Broadway Books First Class
Christine Pedi dwells in a land heretofore uncharted in the short history of my literacy and Arts program - she accepted a face-to-face invitation to visit my classroom without knowing anything about me. To my knowledge, there were no mentions or words of support from others who've participated. This tactic of cold calling previously bombed with the other performers I've approached - Sarah Jessica Parker, Cherry Jones, Marlee Matlin, and Matthew Broderick - but, I stand undeterred for the greater good. The Divine Ms. P. proves tenacity pays off!
In early October 2018 I saw Christine perform in NEWSical the Musical on Theatre Row. I've long admired her work, but this was the first time I saw her live and in person.
Christine holds a special place in my heart because the last memory I have of my dear friend, James, was giggling over Christine's parody of Telephone (over the telephone! James was watching in New York and I was watching simultaneously in Florida). In the video, Christine switches the roles of Lady Gaga and Beyonce with Liza Minelli and Carol Channing. It was just the inspired silliness James enjoyed and although he sadly and unexpectedly passed soon after, his laughter that day is what I remember. Art lifts us, heals us, and brings us together.
Christine's energy, irreverence, and humor were all on full display as I watched her on stage. After the show I asked her about visiting my classroom to read and she was immediately on board. It turns out she was meeting with popular - and prolific - children's book author Tomie dePaola in the coming days, so the timing of my request was serendipitous. She suggested Tomie's book Oliver Button is a Sissy, which is a beautiful story about an artistic little boy "who won't give up on the dreams that make him unique".
Christine also suggested her all-time favorite children's book Oh, the Places You'll Go! by Dr. Seuss. This classic picture book with its sage life advice has many, many fans - including former Broadway Books First Class guest artist Michael Urie, who also places it at the top of his favorites list. Ultimately, we decided on the latter choice (although I believe Oliver Button is a fantastic choice for the program).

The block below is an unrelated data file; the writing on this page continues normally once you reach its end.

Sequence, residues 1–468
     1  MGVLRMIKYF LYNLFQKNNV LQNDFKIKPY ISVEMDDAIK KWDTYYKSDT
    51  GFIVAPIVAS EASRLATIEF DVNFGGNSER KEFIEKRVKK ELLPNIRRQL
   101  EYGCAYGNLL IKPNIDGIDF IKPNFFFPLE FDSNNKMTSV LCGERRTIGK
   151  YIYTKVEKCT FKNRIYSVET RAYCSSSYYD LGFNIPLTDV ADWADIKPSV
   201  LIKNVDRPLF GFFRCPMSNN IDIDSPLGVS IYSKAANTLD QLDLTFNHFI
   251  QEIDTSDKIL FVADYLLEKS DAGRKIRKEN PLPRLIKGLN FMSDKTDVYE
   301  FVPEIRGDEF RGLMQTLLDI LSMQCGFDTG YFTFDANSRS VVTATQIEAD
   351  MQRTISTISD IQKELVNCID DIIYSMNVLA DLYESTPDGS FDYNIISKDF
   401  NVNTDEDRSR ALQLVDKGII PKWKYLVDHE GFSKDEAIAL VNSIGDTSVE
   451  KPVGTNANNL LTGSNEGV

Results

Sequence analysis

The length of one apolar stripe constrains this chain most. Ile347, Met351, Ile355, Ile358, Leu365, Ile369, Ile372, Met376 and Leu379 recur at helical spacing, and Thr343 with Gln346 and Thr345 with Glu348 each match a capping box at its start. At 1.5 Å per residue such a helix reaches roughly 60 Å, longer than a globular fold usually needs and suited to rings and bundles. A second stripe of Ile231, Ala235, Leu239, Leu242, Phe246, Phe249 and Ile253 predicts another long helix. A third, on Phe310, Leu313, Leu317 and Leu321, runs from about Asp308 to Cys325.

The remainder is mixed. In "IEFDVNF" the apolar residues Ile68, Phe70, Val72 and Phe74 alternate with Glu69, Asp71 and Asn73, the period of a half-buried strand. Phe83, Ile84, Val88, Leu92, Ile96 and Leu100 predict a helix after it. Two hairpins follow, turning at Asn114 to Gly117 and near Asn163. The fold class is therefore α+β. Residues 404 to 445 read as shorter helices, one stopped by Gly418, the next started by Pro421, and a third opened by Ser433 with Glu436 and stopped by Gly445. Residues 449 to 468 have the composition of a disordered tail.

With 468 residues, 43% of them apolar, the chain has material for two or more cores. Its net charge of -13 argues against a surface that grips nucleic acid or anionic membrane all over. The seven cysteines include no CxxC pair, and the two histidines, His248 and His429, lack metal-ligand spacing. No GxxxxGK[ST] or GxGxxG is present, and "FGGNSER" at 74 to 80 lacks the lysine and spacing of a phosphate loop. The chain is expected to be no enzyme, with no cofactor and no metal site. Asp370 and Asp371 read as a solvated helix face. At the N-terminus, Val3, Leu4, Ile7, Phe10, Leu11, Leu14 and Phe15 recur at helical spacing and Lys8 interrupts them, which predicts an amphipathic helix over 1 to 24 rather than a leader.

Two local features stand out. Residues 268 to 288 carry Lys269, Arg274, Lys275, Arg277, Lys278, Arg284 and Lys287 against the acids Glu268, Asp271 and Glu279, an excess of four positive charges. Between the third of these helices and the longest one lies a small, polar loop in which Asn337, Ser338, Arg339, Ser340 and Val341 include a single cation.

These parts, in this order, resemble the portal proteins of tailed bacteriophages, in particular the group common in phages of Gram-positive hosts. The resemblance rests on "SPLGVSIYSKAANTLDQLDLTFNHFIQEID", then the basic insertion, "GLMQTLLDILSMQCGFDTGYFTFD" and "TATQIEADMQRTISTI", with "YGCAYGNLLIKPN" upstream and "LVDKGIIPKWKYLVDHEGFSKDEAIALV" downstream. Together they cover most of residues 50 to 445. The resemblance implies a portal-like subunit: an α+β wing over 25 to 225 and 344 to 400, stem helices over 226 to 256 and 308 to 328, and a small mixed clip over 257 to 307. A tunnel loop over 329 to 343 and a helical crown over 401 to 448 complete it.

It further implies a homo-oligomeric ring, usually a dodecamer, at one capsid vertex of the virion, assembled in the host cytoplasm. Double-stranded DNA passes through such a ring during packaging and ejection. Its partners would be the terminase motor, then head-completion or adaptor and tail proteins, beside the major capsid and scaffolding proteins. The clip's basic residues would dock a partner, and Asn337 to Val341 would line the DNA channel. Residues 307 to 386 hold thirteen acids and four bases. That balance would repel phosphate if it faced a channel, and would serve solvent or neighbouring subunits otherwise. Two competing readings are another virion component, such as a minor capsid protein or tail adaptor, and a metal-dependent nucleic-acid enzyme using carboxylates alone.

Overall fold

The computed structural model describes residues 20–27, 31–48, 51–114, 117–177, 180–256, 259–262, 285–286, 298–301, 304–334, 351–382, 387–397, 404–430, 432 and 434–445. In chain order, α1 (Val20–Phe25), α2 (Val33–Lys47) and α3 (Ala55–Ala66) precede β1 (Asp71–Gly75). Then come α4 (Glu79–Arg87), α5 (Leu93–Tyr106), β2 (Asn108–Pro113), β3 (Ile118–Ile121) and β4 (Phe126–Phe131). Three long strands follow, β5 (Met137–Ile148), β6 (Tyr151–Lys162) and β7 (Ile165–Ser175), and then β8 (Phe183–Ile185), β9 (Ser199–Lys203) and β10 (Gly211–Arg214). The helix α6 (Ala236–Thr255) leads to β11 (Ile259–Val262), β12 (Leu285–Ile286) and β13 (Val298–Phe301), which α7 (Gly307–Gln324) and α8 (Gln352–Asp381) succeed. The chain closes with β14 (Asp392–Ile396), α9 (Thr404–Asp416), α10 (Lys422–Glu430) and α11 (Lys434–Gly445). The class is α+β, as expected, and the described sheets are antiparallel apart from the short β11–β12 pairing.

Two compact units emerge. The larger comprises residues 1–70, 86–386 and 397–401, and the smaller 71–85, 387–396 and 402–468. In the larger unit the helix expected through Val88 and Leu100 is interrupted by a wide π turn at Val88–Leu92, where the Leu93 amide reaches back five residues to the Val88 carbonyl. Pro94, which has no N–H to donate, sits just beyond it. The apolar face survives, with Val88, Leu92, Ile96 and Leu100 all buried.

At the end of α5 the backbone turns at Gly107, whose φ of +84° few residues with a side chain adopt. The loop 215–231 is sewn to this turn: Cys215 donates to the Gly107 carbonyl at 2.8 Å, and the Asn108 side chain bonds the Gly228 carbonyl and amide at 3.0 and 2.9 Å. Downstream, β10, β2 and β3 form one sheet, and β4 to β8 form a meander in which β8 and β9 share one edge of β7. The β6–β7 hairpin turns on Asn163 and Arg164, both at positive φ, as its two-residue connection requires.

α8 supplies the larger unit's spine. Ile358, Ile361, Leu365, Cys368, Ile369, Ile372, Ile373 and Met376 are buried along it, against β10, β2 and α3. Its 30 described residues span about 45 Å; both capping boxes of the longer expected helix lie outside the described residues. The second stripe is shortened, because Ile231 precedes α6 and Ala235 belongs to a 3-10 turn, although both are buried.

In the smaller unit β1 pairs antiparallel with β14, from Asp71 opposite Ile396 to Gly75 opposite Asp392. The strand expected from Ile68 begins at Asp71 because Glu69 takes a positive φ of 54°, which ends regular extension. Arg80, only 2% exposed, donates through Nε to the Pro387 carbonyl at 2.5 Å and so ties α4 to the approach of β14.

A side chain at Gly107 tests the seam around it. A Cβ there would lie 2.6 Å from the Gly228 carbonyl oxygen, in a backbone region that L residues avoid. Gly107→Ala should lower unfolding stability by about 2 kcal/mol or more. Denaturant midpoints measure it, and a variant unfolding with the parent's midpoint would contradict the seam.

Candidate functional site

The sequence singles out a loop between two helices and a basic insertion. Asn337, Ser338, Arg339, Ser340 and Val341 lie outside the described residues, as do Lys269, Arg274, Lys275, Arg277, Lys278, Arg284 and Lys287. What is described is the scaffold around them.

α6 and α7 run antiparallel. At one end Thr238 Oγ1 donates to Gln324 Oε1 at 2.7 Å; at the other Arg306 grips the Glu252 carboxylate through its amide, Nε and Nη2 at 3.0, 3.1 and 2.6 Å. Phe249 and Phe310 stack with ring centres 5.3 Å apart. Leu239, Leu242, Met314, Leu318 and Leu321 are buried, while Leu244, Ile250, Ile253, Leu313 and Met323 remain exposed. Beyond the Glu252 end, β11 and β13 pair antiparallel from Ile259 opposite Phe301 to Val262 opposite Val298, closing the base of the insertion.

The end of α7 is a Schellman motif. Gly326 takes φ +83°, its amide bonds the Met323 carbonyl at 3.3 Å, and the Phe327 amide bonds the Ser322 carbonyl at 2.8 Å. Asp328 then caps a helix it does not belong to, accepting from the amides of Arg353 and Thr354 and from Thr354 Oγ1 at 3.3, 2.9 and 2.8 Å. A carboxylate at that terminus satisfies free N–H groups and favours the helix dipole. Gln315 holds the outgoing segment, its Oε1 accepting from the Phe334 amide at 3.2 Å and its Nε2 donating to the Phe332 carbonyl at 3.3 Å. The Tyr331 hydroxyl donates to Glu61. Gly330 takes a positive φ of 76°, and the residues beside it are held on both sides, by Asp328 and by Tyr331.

I wondered, "Would she read the book using the warm, motherly voice of Julie Andrews or Angela Lansbury?" I could only hope!
Christine is known as "The lady of 1,000 voices" due to her incredible ability to step into character as Ethel Merman, Patti LuPone, Bernadette Peters and other well-known divas. This was first showcased in the legendary Off-Broadway revue Forbidden Broadway (and later in Forbidden Hollywood).
In preparation for her visit I showed the children Christine's Hello Dolly auditions video (I stopped it before "Patti LuPone" dropped the F bomb). As we watched I realized we were laughing for different reasons. I was chuckling because of Christine's spot-on interpretations of each performer. The children were laughing because she was wearing funny wigs, talking in different voices, and being silly. They were unfamiliar with Liza, Bernadette, Patti, etc. Although they did know Oprah and remarked afterwards that she was their favorite.
I also thought about the fact that some of the children are hard of hearing. How could we maximize the impact of the various impersonations for them? It turns out that augmentative technology, visuals, and an offer to feel her throat as she spoke did the trick. When the children asked her to do a voice, she entertained them Angela Lansbury as Mrs. Potts from Beauty and the Beast and with various character voices, such as a witch, a little baby, a toothless old man, a snake, and a chicken. She told us that in order to do character voices she thinks about the energy of the person or the animal. They responded with their own versions including a heart girl, a frog, and an Italian-accented Mario. That's a lot of frenetic energy pulsing through a classroom!
A voice the children were familiar with was Holly Blue Agate on the popular animated show Steven Universe. We took a moment to watch a clip from the hit Cartoon Network program, which was a good idea. It quieted all of the voices and led into Christine's other work. After all, she is much more than those myriad voices.
She has performed in three Broadway shows; Little Me, Talk Radio, and Chicago. During our Q&A she told us that Chicago was her favorite because, "It has been running for 22 years. It has some of the best music I've ever heard in my life. And it's funny and it's intelligent at the same time. That's why I like the Dr. Seuss book because it's very fun and it's joyful and it's colorful, but it's very smart. And I like things that can do both." She told us she saw the show 16 times! This meant she was in it for two weeks before she performed the show more than she saw the show! To which a child stood up and asked,
"Was Broadway your passion?"
I loved the essence of this impromptu question because it showed a depth of understanding about what drives performers like Christine. There is a calling that cannot be ignored. It is thrilling to me that the students are gaining an understanding of this and beginning to think about their own path in life. As Joseph Campbell stated, it is important to follow your bliss.
It seems that the question also brought us back full circle to the overarching lesson of the book she just read. One that tells us the path of life isn't always easy, but the path is ours and with determination we will get through.
You have brains in your head.
You have feet in your shoes.
You can steer yourself
any direction you choose.
You're on your own. And you know what you know.
And YOU are the guy who'll decide where to go.
And will you succeed?
Yes! You will, indeed!
(98 and 3/4 percent guaranteed.)
KID, YOU'LL MOVE MOUNTAINS!